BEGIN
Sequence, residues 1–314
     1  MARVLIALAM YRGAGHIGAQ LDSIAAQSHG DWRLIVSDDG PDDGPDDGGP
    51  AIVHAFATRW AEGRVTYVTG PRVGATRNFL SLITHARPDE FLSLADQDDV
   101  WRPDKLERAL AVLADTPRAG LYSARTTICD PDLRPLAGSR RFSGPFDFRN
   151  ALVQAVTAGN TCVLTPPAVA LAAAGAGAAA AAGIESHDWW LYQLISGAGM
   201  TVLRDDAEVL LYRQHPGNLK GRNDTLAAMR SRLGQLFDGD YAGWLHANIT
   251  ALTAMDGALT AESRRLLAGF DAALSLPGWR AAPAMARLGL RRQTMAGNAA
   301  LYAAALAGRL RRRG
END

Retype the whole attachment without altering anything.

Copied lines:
Sequence, residues 1–314
     1  MARVLIALAM YRGAGHIGAQ LDSIAAQSHG DWRLIVSDDG PDDGPDDGGP
    51  AIVHAFATRW AEGRVTYVTG PRVGATRNFL SLITHARPDE FLSLADQDDV
   101  WRPDKLERAL AVLADTPRAG LYSARTTICD PDLRPLAGSR RFSGPFDFRN
   151  ALVQAVTAGN TCVLTPPAVA LAAAGAGAAA AAGIESHDWW LYQLISGAGM
   201  TVLRDDAEVL LYRQHPGNLK GRNDTLAAMR SRLGQLFDGD YAGWLHANIT
   251  ALTAMDGALT AESRRLLAGF DAALSLPGWR AAPAMARLGL RRQTMAGNAA
   301  LYAAALAGRL RRRG